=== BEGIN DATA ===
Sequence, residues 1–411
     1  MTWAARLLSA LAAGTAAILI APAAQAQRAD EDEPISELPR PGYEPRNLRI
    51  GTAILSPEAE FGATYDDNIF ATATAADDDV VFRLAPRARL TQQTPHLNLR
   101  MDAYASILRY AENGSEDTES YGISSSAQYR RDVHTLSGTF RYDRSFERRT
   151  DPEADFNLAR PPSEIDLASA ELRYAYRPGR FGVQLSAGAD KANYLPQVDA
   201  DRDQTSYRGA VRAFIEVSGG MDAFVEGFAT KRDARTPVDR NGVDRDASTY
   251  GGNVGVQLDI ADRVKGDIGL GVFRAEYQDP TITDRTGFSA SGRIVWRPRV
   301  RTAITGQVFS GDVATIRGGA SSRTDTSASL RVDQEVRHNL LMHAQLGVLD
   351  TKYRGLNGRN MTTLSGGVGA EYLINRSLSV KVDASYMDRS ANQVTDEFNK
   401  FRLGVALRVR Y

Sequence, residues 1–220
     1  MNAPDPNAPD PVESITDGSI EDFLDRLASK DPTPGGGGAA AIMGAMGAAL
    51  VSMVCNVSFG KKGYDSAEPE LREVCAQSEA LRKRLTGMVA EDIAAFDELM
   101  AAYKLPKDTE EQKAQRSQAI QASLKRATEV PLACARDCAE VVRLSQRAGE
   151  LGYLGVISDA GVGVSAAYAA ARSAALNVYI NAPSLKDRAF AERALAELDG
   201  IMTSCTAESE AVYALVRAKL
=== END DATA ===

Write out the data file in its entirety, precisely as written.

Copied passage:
Sequence, residues 1–411
     1  MTWAARLLSA LAAGTAAILI APAAQAQRAD EDEPISELPR PGYEPRNLRI
    51  GTAILSPEAE FGATYDDNIF ATATAADDDV VFRLAPRARL TQQTPHLNLR
   101  MDAYASILRY AENGSEDTES YGISSSAQYR RDVHTLSGTF RYDRSFERRT
   151  DPEADFNLAR PPSEIDLASA ELRYAYRPGR FGVQLSAGAD KANYLPQVDA
   201  DRDQTSYRGA VRAFIEVSGG MDAFVEGFAT KRDARTPVDR NGVDRDASTY
   251  GGNVGVQLDI ADRVKGDIGL GVFRAEYQDP TITDRTGFSA SGRIVWRPRV
   301  RTAITGQVFS GDVATIRGGA SSRTDTSASL RVDQEVRHNL LMHAQLGVLD
   351  TKYRGLNGRN MTTLSGGVGA EYLINRSLSV KVDASYMDRS ANQVTDEFNK
   401  FRLGVALRVR Y

Sequence, residues 1–220
     1  MNAPDPNAPD PVESITDGSI EDFLDRLASK DPTPGGGGAA AIMGAMGAAL
    51  VSMVCNVSFG KKGYDSAEPE LREVCAQSEA LRKRLTGMVA EDIAAFDELM
   101  AAYKLPKDTE EQKAQRSQAI QASLKRATEV PLACARDCAE VVRLSQRAGE
   151  LGYLGVISDA GVGVSAAYAA ARSAALNVYI NAPSLKDRAF AERALAELDG
   201  IMTSCTAESE AVYALVRAKL